Some viewers may not enjoy the tone of the movie and find the mix of horror and comedy a bad fix, or that the plot and characters are a bit too quirky. But personally I liked Odd Thomas. It’s a shame that lawsuits and delays prevented this form getting a proper theatrical release meaning any sequels will be unlikely. Still it may well leed to viewers having a look at Koontz’s novels instead.

Rating 4/5 – fun, jumpy and a great central performance from Yelchin

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The Maze Runner

Summer is over and so are most of the big blockbuster films of the summer. Hoping to repeat the success of The Hunger Games and Divergent comes The Maze Runner, adapted from the novel by James Dashner. With an intriguing premise and positive early buzz, can The Maze Runner be the next franchise to watch out for?

Teenager Thomas (Dylan O’ Brien) wakes up in an abandoned place called The Glades, he has no memory of anything apart from his name. His only companions are a group of teenage boys who have been sent there years before Thomas arrived. Every day they try to find a way out of the Glades through the maze that surrounds them. But the maze changes everyday and if they don’t return before night they risk getting stuck with the creatures that hide within the maze. Can Thomas find a way out, discover who he is and why he has been put there?

Yes this may be another adaptation of another popular young adult book series but The Maze Runner doesn’t feel like a poor imitation of The Hunger Games or Divergent. It refreshing to have a male teenage lead for once, especially as O’Brien seems to be a young talent to watch out for. We are thrown straight into the action seeing Thomas waking up in his new surroundings and feel Thomas’ confusion and desire to know more about who placed them in the Glades. He makes for a sympathetic lead among a cast of strong supporting actors most of who are British (always glad to see Brits doing well). Former child actors Thomas Brodie-Sangster (Love Actually and Game of Thrones) and Will Poulter (Son of Rambow and We’re The Millers) are great as two of the Gladers Newt and Gally. Poulter in particular is good. Although Gally is technically the antagonist to Thomas, his actions are understandable considering the hostile environment and years of torment he’s had to experience. Aml Almeen is also memorable as Alby the leader of the Gladers.

As with all the best teen adaptations there is a nice dark tone to the film, with hints of Lord of The Flies with the whole young boys left alone idea (not that it goes as dark as that). It also has a good mix of adventure with creepy monsters hunting in the maze as well as the great concept of the Maze itself. Seeing the movie in Imax also made the depth of the maze seem more impressive and completely daunting. There is also a welcome bit of humour to lighten up the film so it does not go too dark.

It disappointing though that the main female, Kaya Scodelario’s Teresa, is underdeveloped and mainly seems there to push the plot forward. And although I liked how the ending teased the next installment some may feel it lacked a definitive ending. But for me this is a franchise that is entertaining and stands out from the other YA pack of the moment. While it’s not quite up to the standard of  The Hunger Games, at least Katniss finally has some worthy competition.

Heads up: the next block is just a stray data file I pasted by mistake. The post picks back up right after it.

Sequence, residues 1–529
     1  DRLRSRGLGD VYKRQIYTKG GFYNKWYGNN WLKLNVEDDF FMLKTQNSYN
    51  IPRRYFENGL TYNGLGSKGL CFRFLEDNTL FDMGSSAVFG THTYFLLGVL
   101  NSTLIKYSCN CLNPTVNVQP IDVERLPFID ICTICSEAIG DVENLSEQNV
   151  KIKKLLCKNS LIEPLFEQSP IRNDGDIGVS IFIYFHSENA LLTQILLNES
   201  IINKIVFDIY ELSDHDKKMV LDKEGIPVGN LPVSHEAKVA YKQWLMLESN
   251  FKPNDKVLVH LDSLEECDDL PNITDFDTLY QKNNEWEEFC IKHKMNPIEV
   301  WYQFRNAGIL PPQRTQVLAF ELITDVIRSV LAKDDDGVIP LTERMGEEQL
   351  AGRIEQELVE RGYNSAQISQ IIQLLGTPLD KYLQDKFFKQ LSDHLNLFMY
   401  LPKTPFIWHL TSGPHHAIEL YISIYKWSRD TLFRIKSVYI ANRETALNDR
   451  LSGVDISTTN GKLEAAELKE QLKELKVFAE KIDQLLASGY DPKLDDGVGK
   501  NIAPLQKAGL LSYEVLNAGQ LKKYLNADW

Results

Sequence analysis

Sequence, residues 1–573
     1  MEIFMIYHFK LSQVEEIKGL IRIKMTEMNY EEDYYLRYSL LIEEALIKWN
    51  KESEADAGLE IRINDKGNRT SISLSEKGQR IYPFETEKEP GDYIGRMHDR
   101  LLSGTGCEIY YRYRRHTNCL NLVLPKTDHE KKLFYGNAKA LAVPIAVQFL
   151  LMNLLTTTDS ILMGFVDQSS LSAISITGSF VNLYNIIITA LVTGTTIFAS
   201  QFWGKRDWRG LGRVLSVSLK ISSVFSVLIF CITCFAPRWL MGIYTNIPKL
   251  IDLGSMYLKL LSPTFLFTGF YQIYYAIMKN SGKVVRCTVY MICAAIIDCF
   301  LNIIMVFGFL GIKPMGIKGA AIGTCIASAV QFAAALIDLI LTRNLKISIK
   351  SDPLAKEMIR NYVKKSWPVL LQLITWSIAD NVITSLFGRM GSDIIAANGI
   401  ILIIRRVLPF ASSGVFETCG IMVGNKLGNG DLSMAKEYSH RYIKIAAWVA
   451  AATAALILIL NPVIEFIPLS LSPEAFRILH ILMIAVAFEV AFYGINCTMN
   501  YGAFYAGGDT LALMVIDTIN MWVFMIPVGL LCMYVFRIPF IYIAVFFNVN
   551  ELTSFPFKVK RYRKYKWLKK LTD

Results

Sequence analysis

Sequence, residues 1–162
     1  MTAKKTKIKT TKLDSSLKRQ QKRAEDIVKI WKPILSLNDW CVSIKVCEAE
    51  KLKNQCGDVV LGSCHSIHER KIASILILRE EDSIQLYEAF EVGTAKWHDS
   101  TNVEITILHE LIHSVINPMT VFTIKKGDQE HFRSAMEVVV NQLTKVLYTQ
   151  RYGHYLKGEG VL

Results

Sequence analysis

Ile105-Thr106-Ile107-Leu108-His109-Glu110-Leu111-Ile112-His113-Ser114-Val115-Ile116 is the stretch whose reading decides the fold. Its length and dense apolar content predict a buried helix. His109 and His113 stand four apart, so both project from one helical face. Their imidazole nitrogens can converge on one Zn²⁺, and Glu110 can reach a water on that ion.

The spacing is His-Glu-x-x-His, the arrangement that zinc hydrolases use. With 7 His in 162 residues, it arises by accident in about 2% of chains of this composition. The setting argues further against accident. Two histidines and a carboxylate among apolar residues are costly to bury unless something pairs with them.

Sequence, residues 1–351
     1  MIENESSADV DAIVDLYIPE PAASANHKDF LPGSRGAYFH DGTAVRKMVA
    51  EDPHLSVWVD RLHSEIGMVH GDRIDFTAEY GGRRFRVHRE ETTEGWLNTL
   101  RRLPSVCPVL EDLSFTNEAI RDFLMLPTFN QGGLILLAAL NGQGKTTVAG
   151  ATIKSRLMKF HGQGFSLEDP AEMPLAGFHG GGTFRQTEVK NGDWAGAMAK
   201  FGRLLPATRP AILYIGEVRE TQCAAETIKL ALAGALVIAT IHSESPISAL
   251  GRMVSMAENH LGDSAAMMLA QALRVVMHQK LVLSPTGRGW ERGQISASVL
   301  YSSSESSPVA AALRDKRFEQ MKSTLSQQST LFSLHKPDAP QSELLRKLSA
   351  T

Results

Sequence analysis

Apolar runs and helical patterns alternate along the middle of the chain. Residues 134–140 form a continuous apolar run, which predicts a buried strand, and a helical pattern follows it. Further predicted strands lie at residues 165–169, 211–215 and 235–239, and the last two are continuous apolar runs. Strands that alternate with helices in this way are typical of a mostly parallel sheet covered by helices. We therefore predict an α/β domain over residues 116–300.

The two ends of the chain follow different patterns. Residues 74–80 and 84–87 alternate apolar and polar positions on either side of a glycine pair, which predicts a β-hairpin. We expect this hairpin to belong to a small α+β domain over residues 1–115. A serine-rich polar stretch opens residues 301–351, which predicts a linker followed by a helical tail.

Rating 4/5 – exciting and thrilling, I can’t wait for the sequel already!

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Teenage Mutant Ninja Turtles

I liked the animated tv series as a kid but the signs for this live action film adaptation were not good. Michael Bay was producing, the pictures of the Turtles looked all wrong and there were reports that the turtles would be aliens. But could TMNT rise above the hate?

April O’Neil (Megan Fox) is a reporter for Channel 6 in New York who wants to handle serious news rather than the fluff pieces she’s stuck with. When she witnesses a criminal gang called the Foot Clan involved in illegal activities she see a shadowy figure arrive to take them out. Wanting to find the vigilantes involved she ends up discovering more than she bargained for when the figure she’s hunting for turns out to be…Well I think you can guess the rest.

Despite the negative buzz before its release, I actually found TMNT to be a fun movie. Is it a classic, no. Is it faithful, no. But it was definitely a lot better than what I thought it would be. Thankfully the turtles are not aliens as was feared. The action scenes are fun and even exciting in IMAX 3D. Megan Fox is ok as April O Neil and works well with Will Arnett who plays her camera man Vern. Arnett continues to be the best thing in most of the movies he appears in (as fans of his Batman from The Lego Movie will tell you). He has a lot of the best lines and is, unsurprisingly is very funny.

It won’t be a huge surprise however to hear that this movie is far from perfect. To me the turtles still look wrong, and our four heroes in a half shell vary constantly between amusing and annoying. The turltes rat mentor Splinter is disappointingly underused while the villianous Shredder is given a weird body armour to wear that makes him look like a lame Transformer rip-off except without being able to actually transform. The script often makes April do stupid things for the sake of the plot which makes her come across less like an investigative reporter and more like she has a death wish. Attempts to link April and the turtles backstories is also unsuccessful.

However while its silly I have to admit I did have fun watching it. Even though at times it felt like I wondered into an extended Pizza Hut advert. While I wouldn’t recommend you rush out and see it, if you do find yourself wondering into the cinema it may not be as bad as you feared. Although I’m sure plenty will disagree with me.

Rating 3/5 – silly and ridiculous but also at times, rather fun with it